FIG. 3 is a schematic circuit diagram representing an embodiment of alarm device including the'gas detecting element of FIG. 1.

Throughout the drawings, like portions are indicated by same reference numerals.

Referring now to FIG. 1, the gas detecting element of this embodiment includes a semiconductor body 1, a pair of electrodes 2 and 3 embedded therein and a spacer 4 placed between the both electrodes. The body 1 is composed ofa sensitive metal oxide semiconductor material 5 and crack preventing particles 6 such as powdered alumina or quartz. The electrodes 2 and 3 are composed of straight or coiled wires of gold, platinum, iridium, palladium, nickel or chromium or an alloy thereof. While the electrodes 2 and 3 may be different in material and geometry from each other, it is convenient that the both are perfectly identical in material and geometry for selection of the electrodes. In the illustrative example, the electrodes 2 and 3 are identical and respectively composed of a 0.09-millimeter wire of palladium-iridium alloy consisting of percent Pd and 20 percent Ir having a coiled portion of 0.6 millimeter inner diameter and 12 turns. The value of resistance of the coiled electrode is 2 ohms. The spacer 4 may consist of ceramic or glass and in this example it is shaped as a rectangular parallelepiped of 1.5X2X3 mm.

In the manufacture of the detecting element illustrated above, the electrodes 2 and 3 are placed on the both faces of the spacer 4 so as to contact therewith and then heated by a current flowing therethrough at about 1,000 C. to fuse both faces of the spacer to the contact portions of the coiled electrodes.

Powdered tin oxide SnO having particle size of about 1 micron and containing, 0.3 percent by weight of palladium is mixed with a same weight of IOO-meshaIumina or quartz powder and the mixture is kneaded with water. The resultant composition is coated on the above-prepared electrode-spacer structure as shown in FIG. 1 to form the sensitive body I. Then the body is dried in air and thereafter heated by a current flowing through the electrodes 2 and 3 at about 700 C.

Seventy-five milliliters of tetraethyl silicate diluted with 25 milliliters of water is added with 0.3 milliliters of hydrochloric acid and stirred for 30 minutes to obtain a transparent solution. This is silicate hydrosol which is transformed into silica gel when dried as it is.

Then the sensitive semiconductor body I prepared as in the above is dipped in this solution for about 10 seconds and thereafter slowly heated up to 600 C. in the same manner. After cooled in the air, the body I exhibits very high mechanical strength and improved detection sensitivity.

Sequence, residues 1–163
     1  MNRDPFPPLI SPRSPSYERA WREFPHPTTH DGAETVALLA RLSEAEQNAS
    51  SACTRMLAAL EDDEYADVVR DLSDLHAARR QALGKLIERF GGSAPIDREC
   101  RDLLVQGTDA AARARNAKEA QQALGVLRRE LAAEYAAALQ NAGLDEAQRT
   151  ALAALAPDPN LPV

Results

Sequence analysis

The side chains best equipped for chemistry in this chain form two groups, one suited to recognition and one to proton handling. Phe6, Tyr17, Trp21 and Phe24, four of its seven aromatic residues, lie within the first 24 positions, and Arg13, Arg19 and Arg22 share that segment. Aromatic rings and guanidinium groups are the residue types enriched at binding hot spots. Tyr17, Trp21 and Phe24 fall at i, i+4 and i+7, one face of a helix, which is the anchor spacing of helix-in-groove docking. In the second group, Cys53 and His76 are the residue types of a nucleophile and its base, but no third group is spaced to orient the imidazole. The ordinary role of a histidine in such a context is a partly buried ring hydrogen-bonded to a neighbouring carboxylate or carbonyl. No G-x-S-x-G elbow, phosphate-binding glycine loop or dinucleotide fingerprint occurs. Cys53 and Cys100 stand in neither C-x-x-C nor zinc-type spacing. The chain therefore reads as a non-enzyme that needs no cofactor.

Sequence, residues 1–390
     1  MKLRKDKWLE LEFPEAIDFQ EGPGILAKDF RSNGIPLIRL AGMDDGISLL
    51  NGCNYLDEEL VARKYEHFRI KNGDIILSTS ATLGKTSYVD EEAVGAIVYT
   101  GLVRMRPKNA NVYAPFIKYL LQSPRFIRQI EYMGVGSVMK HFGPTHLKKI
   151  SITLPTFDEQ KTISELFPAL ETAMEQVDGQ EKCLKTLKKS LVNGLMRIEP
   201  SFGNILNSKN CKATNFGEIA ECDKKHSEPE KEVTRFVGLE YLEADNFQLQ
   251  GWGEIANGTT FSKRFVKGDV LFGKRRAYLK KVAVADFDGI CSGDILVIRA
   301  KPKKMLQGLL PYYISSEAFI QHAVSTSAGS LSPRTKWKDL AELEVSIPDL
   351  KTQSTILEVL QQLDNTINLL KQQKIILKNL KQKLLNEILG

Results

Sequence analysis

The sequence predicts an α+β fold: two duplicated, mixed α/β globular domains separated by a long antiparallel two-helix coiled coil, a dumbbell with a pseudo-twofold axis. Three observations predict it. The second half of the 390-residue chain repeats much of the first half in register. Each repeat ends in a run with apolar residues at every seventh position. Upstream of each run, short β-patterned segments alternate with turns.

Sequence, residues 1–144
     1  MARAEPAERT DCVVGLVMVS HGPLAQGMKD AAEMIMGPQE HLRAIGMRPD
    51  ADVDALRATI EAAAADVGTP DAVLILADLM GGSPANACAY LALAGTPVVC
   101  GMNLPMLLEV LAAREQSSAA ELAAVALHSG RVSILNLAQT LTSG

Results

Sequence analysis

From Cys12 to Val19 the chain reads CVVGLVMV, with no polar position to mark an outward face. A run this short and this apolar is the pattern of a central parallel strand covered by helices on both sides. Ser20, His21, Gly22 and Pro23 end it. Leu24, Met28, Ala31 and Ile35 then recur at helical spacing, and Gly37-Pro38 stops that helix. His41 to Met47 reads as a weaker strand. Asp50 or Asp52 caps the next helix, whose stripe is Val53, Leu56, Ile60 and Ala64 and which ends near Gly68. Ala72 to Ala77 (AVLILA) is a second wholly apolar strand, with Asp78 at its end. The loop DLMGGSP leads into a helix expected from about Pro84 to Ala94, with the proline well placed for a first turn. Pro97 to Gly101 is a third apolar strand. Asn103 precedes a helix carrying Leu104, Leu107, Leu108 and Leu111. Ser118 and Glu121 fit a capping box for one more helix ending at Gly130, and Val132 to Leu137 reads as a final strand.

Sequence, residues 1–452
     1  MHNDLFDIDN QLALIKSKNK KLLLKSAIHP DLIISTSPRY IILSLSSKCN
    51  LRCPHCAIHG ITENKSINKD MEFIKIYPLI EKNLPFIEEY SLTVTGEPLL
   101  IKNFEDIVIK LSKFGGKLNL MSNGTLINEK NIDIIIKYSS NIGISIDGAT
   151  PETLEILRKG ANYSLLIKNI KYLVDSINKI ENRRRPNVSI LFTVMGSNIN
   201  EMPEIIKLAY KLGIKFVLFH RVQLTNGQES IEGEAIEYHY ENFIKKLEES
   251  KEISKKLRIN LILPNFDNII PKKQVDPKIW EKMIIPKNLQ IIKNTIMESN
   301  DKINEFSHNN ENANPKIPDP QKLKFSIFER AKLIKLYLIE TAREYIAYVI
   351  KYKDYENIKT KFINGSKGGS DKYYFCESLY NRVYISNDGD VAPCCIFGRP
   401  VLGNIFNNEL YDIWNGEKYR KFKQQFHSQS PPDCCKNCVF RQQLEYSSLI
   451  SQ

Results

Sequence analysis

FIG. 2 shows a small-sized gas detecting element which has a special utility in a portable alarm device or detector which is required to be used with a small current from a battery. The spacer 4 in FIG. 1 is omitted from this element. Since the body 1 shrinks freely when sintered because of the omission of the spacer 4, the crack preventing particles 6 in FIG. 1 can be omitted as shown in FIG. 2. The electrodes in this embodiment are preferably made of twisted fine gold wire. According to this embodiment of this invention, an element having a diameter less than 1 milliliter can be easily manufactured.

The gas detecting element of FIG. I manufactured in the manner as described in the above was tested in comparison with a similar element which had not been dipped in silicate hydrosol by use of an alarm circuit as shown in FIG. 3. In the drawing, the primary winding of a transformer 7 is connected to a commercial l00-volt AC supply. The both ends of one electrode 2 of the gas detecting element 1 are respectively connected to one end and an intermediate tap of the secondary winding of the transformer 7 and the other end of the secondary winding is connected through a buzzer 8 to one end of the other electrodes 3 whose other end is kept free. The buzzer 8 in this test was selected to have impedance of 4 kilohms and its enabling voltage was set at 40 volts. The transformer 7 was so selected that one volt is applied to theboth ends of the electrode 2 and volts is derived from the both ends of the secondary winding. The voltage across the buzzer 8 was measured as 10 volts in a clean air and 70 volts in an air containing isobutane at 0.1 percent concentration. On the contrary, in the case of an element which is the same as the present element but was not dipped in silicate hydrosol, this voltage was measured as 8 volts in a clean air and 24 volts in the same isobutane-containing air. Since this voltage across the buzzer is proportional to the gas detection sensitivity of the gas detecting element, it is apparent that the element according to this invention is extremely sensitive in comparison with the element according to the prior art. Moreover, this voltage of the present element was measured as 70:2 volts in the above isobutane-containing air after continuous use for 100 days. Therefore, it is also apparent that the time rate of change of the sensitivity is very small.